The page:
16. Methanopyrus kandleri is the hottest replicating organism know at 122 Celsius. The surface temp of Venus is 88{22800fc54956079738b58e74e4dcd846757aa319aad70fcf90c97a58f3119a12} HOTTER than that and is above the pyrolysis temp for many important organic compounds.

    Reply
  17. Methanopyrus kandleri is the hottest replicating organism know, at 122 Celsius.
    The surface temp of Venus is 88% HOTTER than that and is above the pyrolysis temp for many important organic compounds.

    Reply
  18. Perhaps, though the way I see it it has one less unsolvable problems to human colonization than mars. (Which also doesn’t have any useful quantities of water)

    Reply
  19. Perhaps though the way I see it it has one less unsolvable problems to human colonization than mars. (Which also doesn’t have any useful quantities of water)

    Reply
  20. Perhaps, though the way I see it it has one less unsolvable problems to human colonization than mars. (Which also doesn’t have any useful quantities of water)

    Reply
  21. Perhaps. Though a completely CO2 atmosphere wouldn’t be a problem to bacteria that feed on it. (Not that it’s true, if memory serves it has around the same amount of nitrogen as earth. You just need to get rid of all the CO2. 🙂 )

    Reply
  22. Perhaps. Though a completely CO2 atmosphere wouldn’t be a problem to bacteria that feed on it.(Not that it’s true if memory serves it has around the same amount of nitrogen as earth. You just need to get rid of all the CO2. 🙂 )

    Reply
  23. I don’t think any bacteria would survive venus – even extremophiles. just way too hot and dense. 90 atmospheres pressure at surface 470 degrees C, completely CO2 atmosphere, (with clouds of sulphuric acid to boot)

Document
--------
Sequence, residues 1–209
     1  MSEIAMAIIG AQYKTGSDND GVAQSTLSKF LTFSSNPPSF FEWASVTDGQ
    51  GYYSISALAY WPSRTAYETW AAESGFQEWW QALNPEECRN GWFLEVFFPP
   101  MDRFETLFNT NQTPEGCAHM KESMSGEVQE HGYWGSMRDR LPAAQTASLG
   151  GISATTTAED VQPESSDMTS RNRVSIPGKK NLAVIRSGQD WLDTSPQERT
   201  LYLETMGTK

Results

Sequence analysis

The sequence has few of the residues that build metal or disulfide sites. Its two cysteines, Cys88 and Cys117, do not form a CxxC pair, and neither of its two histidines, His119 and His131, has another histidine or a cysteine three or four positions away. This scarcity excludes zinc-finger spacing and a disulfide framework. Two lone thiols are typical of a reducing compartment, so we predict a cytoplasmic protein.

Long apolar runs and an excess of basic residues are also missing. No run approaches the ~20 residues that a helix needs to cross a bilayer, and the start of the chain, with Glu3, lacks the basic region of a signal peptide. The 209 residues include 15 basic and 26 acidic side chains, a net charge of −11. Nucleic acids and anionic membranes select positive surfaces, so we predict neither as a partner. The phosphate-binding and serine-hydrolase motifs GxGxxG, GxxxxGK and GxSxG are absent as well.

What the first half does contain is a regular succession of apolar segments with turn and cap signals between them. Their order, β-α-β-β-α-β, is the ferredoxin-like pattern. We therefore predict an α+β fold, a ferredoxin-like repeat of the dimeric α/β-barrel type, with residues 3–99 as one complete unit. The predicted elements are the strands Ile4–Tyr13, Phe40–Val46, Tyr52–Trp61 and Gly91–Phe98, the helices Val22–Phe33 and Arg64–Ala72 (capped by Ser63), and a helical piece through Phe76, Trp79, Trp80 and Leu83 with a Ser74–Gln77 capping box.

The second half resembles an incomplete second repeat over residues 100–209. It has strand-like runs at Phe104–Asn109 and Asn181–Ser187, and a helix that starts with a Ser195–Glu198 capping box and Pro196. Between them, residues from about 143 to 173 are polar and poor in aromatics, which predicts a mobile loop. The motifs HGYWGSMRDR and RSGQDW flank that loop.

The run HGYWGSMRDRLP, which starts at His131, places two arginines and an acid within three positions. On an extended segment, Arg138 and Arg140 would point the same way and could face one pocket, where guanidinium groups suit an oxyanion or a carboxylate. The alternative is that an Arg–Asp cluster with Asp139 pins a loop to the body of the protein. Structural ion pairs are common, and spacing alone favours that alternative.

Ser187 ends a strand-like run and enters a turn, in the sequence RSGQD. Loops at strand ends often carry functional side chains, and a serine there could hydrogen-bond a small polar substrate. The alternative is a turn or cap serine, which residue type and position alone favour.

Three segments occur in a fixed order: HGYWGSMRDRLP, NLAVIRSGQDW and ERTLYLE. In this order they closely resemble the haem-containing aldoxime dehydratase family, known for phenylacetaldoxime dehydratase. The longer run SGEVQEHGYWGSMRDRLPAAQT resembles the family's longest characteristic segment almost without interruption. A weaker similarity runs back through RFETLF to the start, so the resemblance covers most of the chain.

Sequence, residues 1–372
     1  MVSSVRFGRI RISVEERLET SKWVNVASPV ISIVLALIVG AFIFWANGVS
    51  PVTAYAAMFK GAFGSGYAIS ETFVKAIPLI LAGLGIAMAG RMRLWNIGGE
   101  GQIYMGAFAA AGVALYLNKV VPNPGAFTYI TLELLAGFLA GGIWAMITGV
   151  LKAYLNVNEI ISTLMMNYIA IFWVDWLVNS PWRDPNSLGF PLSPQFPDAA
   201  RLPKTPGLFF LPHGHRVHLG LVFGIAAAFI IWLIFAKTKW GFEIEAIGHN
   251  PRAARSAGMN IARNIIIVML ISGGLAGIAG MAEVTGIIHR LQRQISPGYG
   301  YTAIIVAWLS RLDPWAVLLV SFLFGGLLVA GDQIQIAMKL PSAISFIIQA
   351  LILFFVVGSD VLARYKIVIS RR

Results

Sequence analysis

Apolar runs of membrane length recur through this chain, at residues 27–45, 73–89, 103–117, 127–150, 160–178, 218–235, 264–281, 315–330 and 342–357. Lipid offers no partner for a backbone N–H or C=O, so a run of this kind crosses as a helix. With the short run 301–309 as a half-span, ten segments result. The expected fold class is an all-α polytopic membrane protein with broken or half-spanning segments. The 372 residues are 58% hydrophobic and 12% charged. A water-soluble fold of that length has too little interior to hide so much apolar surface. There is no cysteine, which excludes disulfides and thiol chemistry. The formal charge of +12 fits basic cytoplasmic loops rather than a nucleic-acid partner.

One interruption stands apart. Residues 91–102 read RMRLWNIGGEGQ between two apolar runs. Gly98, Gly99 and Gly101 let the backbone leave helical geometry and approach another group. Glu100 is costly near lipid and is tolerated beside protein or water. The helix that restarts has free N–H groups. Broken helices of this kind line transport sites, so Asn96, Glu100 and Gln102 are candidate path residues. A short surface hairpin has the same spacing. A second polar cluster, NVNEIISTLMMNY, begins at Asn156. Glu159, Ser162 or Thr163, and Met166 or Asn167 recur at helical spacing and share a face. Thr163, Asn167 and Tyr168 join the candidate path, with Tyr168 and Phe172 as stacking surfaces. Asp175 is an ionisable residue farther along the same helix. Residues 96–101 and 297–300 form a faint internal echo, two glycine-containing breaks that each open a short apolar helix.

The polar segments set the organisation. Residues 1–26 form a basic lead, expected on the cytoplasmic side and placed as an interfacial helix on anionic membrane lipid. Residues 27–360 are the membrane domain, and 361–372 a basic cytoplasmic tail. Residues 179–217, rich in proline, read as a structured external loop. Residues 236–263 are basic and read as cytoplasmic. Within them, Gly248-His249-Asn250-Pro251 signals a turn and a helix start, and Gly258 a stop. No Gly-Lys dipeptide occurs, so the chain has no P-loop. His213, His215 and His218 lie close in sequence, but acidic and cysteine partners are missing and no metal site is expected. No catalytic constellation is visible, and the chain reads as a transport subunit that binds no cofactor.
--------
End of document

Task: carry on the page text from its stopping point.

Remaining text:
Reply
  24. I don’t think any bacteria would survive venus – even extremophiles. just way too hot and dense. 90 atmospheres pressure at surface 470 degrees C completely CO2 atmosphere (with clouds of sulphuric acid to boot)

    Reply
  25. Venus should be seeded with genetic engineered bacteria that’ll filter out co2 from the atmosphere and lock them in minerals (eg: limestone). (alternativeely: replicating nanites)

    Reply
  26. Venus should be seeded with genetic engineered bacteria that’ll filter out co2 from the atmosphere and lock them in minerals (eg: limestone). (alternativeely: replicating nanites)

    Reply
  27. Perhaps. Though a completely CO2 atmosphere wouldn’t be a problem to bacteria that feed on it.
    (Not that it’s true, if memory serves it has around the same amount of nitrogen as earth. You just need to get rid of all the CO2. 🙂 )

    Reply
  28. I don’t think any bacteria would survive venus – even extremophiles. just way too hot and dense. 90 atmospheres pressure at surface 470 degrees C, completely CO2 atmosphere, (with clouds of sulphuric acid to boot)

    Reply
  29. Alternative possibility: someone has already done it, and NASA wants to be able to pay them for it without all the rigmarole of doing formal contract process.

    Reply
  30. Alternative possibility: someone has already done it and NASA wants to be able to pay them for it without all the rigmarole of doing formal contract process.

    Reply
  31. Venus should be seeded with genetic engineered bacteria that’ll filter out co2 from the atmosphere and lock them in minerals (eg: limestone). (alternativeely: replicating nanites)

    Reply
  32. A couple months is a very short time to build a camera and the prize they are offering is not that great, especially given the cost of equipment.

    Reply
  33. A couple months is a very short time to build a camera and the prize they are offering is not that great especially given the cost of equipment.

    Reply